I just re-read Swiss Family Robinson, and although this time I jeered a bit at the endless bounty of Happy Island, and the unfailing competence and amiability of the Robinsons, I still loved reading about the treehouse they build in Chapter 11:
By degrees, our dwelling began to assume a distinct form; the sailcloth was raised over the high branches, forming a roof…. The immense trunk protected the back of our apartment, and the front was open to admit the breeze from the sea, which was visible from this elevation.
What could be more appealing, especially once they add, in Chapter 26, a spiral staircase in the trunk of the tree? Not surprisingly, I’m not alone in loving a treehouse — there are some marvelous books out there about treehouses (look for author Peter Nelson), and there are several treehouse hotels in the U.S. and abroad. Do any of the ones in North America welcome pet dogs, I wondered — and I grabbed the phone.
The short answer is, essentially, no. There is, however, one place — arguably the coolest of all — that will let you bring your dog on the property, but she must sleep in your car. Here are the details:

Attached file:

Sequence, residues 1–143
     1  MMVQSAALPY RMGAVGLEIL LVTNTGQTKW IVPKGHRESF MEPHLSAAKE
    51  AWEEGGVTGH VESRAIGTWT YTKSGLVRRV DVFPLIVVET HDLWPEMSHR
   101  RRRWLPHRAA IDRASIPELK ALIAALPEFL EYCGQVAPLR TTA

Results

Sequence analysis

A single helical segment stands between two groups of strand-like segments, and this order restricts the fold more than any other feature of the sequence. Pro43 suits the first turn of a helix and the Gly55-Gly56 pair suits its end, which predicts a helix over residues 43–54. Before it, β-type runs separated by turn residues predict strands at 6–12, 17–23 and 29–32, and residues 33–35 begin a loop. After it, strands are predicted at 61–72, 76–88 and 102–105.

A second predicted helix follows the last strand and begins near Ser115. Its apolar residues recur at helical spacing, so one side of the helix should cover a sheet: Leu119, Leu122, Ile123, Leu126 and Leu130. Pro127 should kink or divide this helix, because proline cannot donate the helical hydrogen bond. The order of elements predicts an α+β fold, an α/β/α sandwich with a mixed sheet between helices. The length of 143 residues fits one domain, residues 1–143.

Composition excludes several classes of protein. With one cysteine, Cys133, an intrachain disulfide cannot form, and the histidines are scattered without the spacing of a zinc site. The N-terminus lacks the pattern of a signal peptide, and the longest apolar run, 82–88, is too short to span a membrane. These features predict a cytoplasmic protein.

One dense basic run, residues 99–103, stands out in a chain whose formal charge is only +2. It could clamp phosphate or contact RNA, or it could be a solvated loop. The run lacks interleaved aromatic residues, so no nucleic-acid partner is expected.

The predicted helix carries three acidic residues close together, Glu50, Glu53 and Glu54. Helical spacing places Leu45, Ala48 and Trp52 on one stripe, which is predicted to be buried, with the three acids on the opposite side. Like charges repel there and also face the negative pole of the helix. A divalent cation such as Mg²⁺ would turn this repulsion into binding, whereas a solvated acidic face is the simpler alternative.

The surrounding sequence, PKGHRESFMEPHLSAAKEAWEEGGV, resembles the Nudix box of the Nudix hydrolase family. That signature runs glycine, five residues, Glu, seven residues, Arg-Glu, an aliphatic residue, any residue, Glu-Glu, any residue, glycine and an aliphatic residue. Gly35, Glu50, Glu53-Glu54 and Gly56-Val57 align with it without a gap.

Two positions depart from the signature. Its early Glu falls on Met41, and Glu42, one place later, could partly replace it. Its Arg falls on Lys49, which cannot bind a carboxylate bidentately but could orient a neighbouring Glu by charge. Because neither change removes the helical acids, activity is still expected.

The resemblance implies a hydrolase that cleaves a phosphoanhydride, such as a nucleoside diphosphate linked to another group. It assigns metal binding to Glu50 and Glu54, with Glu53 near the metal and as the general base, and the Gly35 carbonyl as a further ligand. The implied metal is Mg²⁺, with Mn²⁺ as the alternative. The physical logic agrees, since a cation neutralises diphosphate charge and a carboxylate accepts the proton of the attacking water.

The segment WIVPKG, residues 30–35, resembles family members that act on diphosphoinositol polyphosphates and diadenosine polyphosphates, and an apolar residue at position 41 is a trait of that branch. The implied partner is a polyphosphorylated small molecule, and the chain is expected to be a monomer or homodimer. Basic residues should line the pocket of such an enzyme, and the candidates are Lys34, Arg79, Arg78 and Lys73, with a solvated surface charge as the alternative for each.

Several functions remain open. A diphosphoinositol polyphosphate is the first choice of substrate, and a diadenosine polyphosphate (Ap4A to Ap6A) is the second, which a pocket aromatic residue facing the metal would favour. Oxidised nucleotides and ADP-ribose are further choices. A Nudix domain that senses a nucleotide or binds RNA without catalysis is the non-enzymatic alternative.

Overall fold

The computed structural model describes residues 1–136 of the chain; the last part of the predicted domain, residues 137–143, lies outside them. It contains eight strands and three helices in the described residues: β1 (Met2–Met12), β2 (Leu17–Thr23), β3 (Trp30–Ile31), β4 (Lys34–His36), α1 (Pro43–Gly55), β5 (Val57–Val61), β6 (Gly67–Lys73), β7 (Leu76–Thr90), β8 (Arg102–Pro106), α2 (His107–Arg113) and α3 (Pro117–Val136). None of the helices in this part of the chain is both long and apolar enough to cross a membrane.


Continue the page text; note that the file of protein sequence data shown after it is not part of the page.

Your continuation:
All of the following treehouse properties do not allow pet dogs: Out ‘n’ About Treesort (Cave Junction, OR); Cedar Creek Treehouse (Ashford, WA); Tree House Point (Issaquah, WA); Carolina Heritage Outfitters/Edisto River Treehouses (Canadys, SC); River of Life Farm treehouse (Dora, MO); and The Original Treehouse Cottages (Eureka Springs, AR). The Treehouse (in Lanark, Ontario) is no longer offered as a vacation rental.
However, take a look at Free Spirit Spheres, a collection of three handcrafted spheres suspended among the conifers of Vancouver Island’s west coast. Eve, the smallest, is best suited for a single, but Eryn and Melody will comfortably hold a couple. They look utterly enchanting. Inventor (and innkeeper) Tom Chudleigh hopes someday to raise a pet-friendly sphere, but your dog may not join you in the three existing spheres. However, your dog is welcome on the property, and may sleep in your car at night. I was initially dubious about the idea, but it would actually work fine in mild weather — it would be just as if Chloe were sleeping in her crate on another floor, which she often does when we travel.
Do you know of a dog-friendly treehouse hotel or B&B in North America that I’ve missed? If so, please leave a comment. Heck, I’d love to hear about any dog-friendly treehouse I could stay in, wherever it’s located!